Welcome to your ultimate guide to the most popular types of hardwood floors. Here we will answer many of the questions you may have before purchasing and/or installing hardwood flooring!While interior design trends have come and gone, installing beautiful hardwood flooring has never gone out of style. Hardwood flooring has that natural warm look that homeowners love. It continues to remain popular through the years in large part due to the abundance of grain patterns, colors and textures available. Wood floors are easy to clean, durable and highly sought after by potential home buyers making them great investment.
When you are looking for a new house, or visiting someones house, the biggest impression the house makes is the floor. This is what your feet touches. It also brings out the color of the walls, the furniture, and sums up the overall feel of the house.
There are different types of floors that can be used in houses. Every single one has pros and cons and preference really relies on the homeowner. The most common types of floors are hardwood, laminate, tiles, stone, and carpet. Hardwood floors remain the top choice for floors due to its variety, low maintenance, durability and beauty.
Below we cover some of the best types of hardwood floors including including details about grades, cuts, finishes and more to help you for your next remodel project.
Solid Hardwood Floors
One of the best qualities of getting solid hardwood flooring is that is can be refinished time and time again, this creating an extremely long lifetime. Its natural look is something that is timeless, so the long lifetime is very important.
There are some things to keep in mind about the product when deciding the best space to use solid hardwood flooring. Solid hardwood is not typically recommended in basements or any place below grade, this is because the boards are nailed to the floor sub-floor, therefore not suitable for concrete, as well as below grade spaces have increased humidity and moisture and can create warping, cupping, or gaps in the wood.
Warping is when the wood is no longer flat, as a result of stresses and shrinkage, typically caused by moisture. Cupping is a warp that causes the sides of the wood to come up, creating a cupped effect. Gaps can be created by the shrinking and expanding of the wood causing the pieces to move and create gaps.
When considering the types of hardwood floors for your home its important to consider the three most popular styles: strip flooring, plank flooring, and parquet flooring. Each style has its own species, color, and sizes so there is a lot to choose from.
Compared to strip flooring, there is more heartwood in this style. Plank flooring is wider with as much as 20 to 30 inches wide. It gives a more casual look compared to strip flooring which showcases a more linear look.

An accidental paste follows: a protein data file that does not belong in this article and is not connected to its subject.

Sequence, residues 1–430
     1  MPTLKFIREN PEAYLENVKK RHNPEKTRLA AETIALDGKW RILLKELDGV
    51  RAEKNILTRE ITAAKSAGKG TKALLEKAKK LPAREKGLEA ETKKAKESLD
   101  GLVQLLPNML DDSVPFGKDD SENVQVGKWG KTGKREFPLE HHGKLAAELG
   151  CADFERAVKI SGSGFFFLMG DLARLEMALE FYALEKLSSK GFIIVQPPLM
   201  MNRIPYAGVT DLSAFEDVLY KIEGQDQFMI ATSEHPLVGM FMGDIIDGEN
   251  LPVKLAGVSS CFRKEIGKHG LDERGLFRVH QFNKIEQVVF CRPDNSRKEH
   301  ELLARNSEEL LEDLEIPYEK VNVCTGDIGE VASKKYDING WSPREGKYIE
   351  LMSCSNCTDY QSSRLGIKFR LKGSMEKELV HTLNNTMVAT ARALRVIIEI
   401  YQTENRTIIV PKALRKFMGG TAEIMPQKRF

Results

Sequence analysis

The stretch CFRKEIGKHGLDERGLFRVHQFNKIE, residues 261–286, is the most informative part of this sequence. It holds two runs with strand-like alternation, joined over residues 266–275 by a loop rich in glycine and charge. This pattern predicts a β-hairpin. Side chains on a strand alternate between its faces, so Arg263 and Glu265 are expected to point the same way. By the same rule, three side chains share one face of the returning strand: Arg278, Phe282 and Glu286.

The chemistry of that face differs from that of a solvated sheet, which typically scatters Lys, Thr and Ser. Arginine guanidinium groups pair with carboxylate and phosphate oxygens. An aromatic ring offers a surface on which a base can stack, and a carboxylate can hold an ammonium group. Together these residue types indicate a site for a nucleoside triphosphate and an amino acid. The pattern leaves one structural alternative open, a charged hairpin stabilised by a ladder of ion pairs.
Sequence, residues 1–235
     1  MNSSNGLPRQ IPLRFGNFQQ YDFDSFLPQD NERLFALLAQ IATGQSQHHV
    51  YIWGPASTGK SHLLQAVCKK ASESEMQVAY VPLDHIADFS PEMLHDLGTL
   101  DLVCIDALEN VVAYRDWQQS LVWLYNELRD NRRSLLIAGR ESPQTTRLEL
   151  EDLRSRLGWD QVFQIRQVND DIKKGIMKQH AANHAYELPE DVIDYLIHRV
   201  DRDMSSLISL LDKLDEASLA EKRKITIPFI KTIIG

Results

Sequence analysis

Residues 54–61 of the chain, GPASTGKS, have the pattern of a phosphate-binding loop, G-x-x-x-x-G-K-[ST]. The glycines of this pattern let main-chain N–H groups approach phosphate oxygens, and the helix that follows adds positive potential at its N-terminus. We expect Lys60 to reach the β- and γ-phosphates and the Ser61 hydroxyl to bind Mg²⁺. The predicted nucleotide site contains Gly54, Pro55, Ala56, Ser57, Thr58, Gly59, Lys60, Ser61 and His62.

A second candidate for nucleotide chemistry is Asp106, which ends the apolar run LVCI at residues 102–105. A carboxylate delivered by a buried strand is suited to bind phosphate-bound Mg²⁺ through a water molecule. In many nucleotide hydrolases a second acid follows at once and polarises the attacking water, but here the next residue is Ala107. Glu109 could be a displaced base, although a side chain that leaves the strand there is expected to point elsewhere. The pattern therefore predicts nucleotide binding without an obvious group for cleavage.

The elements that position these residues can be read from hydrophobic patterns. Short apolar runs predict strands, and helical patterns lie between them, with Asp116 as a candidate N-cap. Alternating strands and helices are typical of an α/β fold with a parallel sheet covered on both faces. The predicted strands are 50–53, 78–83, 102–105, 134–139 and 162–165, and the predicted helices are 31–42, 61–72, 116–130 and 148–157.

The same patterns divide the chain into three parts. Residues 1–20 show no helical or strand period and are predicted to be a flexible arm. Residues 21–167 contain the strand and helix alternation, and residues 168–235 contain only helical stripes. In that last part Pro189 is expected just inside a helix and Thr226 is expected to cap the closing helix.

Plank flooring is flooring available in the thickness of 1/2” and ¾” while the widths can range anywhere from 3” to 8” for regular planks.
Strip flooring is considered the traditional style of hardwood floors. To be specific, the wood used for this style is cut from the less desirable part of the tree. The wood is cut into shorter lengths and narrower widths. Strip flooring is commonly 3 inches wide.
Strip flooring is distinguished by the thickness of the boards, and it will have a set width. These can range in thickness from 5/16th of an inch to ¾”, but the only widths it comes in in 1 ½”, 2” and 2 ¼”.
Parquet flooring is mosaics of wood put together to create a specific design or pattern. Parquet flooring is an atypical design from usual hardwood. This flooring type is made from geometric patterns that are held together by premade adhesives or mechanics. This is a very unique and creative way to add interest to flooring.
The most popular pattern is the herringbone. Although it is harder and takes longer to install, these floors are durable and low maintenance. However, there are instances when blocks of wood are unglued and pop out. These pieces just need to be glued back to the floor.
Engineered Hardwood Flooring
Engineered hardwood flooring is basically a bunch of layers of wood pressed together to create flooring tiles. There is a layer of true hardwood on the top and bottom surfaces that will give a very similar look to the real thing while still giving a better resistance to moisture. This allows the product to be installed in almost any setting.
Solid vs Engineered Wood Floors
Solid hardwood flooring is a solid piece of a single species of wood from top to bottom and side to side. This type of flooring is roughly ¾” thick so it can be sanded and refinished over and over again. Due to its nature, solid hardwood expand and contracts depending on changes in moisture levels and temperature. These types of flooring are recommended for rooms at ground level or above. It is not wise to use solid hardwood flooring in basements and bathrooms. There are numerous species of wood to choose from compared to engineered wood. These floors are extremely durable and hard making them a great investment.